I’m a structural acupuncturist. This means that I use acupuncture to treat anatomical structures such as muscles and connective tissue that are injured, cause pain and inhibit function.
Here’s a list of what acupuncture can accomplish:
• Loosens hypertonic (‘tight’) muscles
• Disengages trigger-points (‘muscle knots’)
• Loosens connective tissue
• Breaks-up adhesions/scar-tissue
• Reduces inflammation
• Promotes healing
• Balances the Chi (‘life energy’)
I’m also a structural massage therapist. What massage therapy accomplishes is similar to acupuncture. In addition to the aforementioned bulleted points, massage also:
• Lengthens muscles/connective tissue
• Strengthens muscles
• Increases range of motion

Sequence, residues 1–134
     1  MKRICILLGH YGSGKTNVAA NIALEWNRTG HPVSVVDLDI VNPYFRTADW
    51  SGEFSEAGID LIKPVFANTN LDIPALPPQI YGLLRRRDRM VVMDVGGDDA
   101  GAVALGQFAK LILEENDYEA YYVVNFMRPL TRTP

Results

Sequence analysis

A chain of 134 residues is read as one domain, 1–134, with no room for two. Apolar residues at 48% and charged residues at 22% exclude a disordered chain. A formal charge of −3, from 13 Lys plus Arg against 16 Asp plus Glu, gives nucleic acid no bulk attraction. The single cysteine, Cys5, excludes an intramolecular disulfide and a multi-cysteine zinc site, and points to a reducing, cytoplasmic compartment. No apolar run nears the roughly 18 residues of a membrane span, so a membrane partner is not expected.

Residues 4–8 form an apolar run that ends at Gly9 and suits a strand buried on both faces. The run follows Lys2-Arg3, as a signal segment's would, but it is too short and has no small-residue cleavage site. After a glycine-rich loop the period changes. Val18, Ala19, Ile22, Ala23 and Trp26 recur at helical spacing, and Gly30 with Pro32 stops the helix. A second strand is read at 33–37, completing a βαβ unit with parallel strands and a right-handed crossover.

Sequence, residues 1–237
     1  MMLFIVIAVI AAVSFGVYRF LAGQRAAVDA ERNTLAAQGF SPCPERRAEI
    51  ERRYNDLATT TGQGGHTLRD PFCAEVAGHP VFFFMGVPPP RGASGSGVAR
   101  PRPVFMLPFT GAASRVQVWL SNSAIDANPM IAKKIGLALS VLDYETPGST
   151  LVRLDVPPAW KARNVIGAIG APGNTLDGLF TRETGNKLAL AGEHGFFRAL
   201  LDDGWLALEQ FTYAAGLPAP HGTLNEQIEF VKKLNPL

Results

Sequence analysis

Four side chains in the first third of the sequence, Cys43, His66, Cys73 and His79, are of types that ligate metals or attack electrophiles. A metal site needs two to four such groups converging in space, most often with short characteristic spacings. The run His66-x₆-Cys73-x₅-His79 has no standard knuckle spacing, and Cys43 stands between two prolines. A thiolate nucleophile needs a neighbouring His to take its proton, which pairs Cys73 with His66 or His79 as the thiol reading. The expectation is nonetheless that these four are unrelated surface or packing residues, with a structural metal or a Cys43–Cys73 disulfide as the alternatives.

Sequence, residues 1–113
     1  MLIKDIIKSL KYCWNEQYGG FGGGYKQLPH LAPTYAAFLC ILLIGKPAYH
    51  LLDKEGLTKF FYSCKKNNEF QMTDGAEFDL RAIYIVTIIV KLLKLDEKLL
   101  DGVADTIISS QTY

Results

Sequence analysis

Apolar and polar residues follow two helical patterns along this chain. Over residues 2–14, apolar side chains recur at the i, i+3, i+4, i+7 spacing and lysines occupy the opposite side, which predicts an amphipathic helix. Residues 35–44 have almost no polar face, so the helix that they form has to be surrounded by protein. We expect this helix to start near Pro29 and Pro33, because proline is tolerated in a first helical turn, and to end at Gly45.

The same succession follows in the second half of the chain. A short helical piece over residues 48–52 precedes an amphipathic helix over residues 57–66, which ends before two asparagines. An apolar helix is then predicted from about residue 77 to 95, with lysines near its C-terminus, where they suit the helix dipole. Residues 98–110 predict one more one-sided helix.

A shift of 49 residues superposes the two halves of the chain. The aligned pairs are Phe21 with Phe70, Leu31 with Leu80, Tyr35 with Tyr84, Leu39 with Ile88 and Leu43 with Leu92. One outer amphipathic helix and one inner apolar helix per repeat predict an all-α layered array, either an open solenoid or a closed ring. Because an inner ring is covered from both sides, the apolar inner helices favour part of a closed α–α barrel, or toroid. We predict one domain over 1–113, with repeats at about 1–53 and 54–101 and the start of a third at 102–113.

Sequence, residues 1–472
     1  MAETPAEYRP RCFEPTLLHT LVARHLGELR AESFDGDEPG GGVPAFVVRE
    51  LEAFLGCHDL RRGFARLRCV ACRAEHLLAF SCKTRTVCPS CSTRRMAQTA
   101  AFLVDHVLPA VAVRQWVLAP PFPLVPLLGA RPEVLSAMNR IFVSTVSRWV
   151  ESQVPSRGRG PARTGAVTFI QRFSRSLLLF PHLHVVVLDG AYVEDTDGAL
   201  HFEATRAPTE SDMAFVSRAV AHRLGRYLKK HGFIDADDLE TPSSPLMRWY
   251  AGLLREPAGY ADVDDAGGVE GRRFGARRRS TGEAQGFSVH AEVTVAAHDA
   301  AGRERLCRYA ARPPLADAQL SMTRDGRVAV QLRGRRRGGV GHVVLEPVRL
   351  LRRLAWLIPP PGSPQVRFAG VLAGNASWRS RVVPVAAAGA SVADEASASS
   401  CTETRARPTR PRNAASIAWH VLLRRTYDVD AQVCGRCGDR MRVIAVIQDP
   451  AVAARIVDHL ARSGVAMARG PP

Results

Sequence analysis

The combination of acupuncture and massage therapy can make your recovery quicker and more complete. For this reason, I often recommend combining the two. But for those who prefer one therapeutic approach over the other, or in those cases where one has pronounced effectiveness, it’s perfectly fine to use just one therapeutic approach.
I either perform acupuncture and massage therapy at the same time, or else begin with massage therapy and end with acupuncture. It’s possible to perform acupuncture on one part of the body, say the knee, while massaging another part of the body, say the shoulder. It’s not possible to perform acupuncture on the same part of the body being massaged.